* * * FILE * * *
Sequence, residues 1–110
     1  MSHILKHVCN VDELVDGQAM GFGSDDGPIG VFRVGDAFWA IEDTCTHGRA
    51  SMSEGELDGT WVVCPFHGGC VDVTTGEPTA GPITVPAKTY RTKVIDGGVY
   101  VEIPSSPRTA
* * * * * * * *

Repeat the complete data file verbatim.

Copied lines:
Sequence, residues 1–110
     1  MSHILKHVCN VDELVDGQAM GFGSDDGPIG VFRVGDAFWA IEDTCTHGRA
    51  SMSEGELDGT WVVCPFHGGC VDVTTGEPTA GPITVPAKTY RTKVIDGGVY
   101  VEIPSSPRTA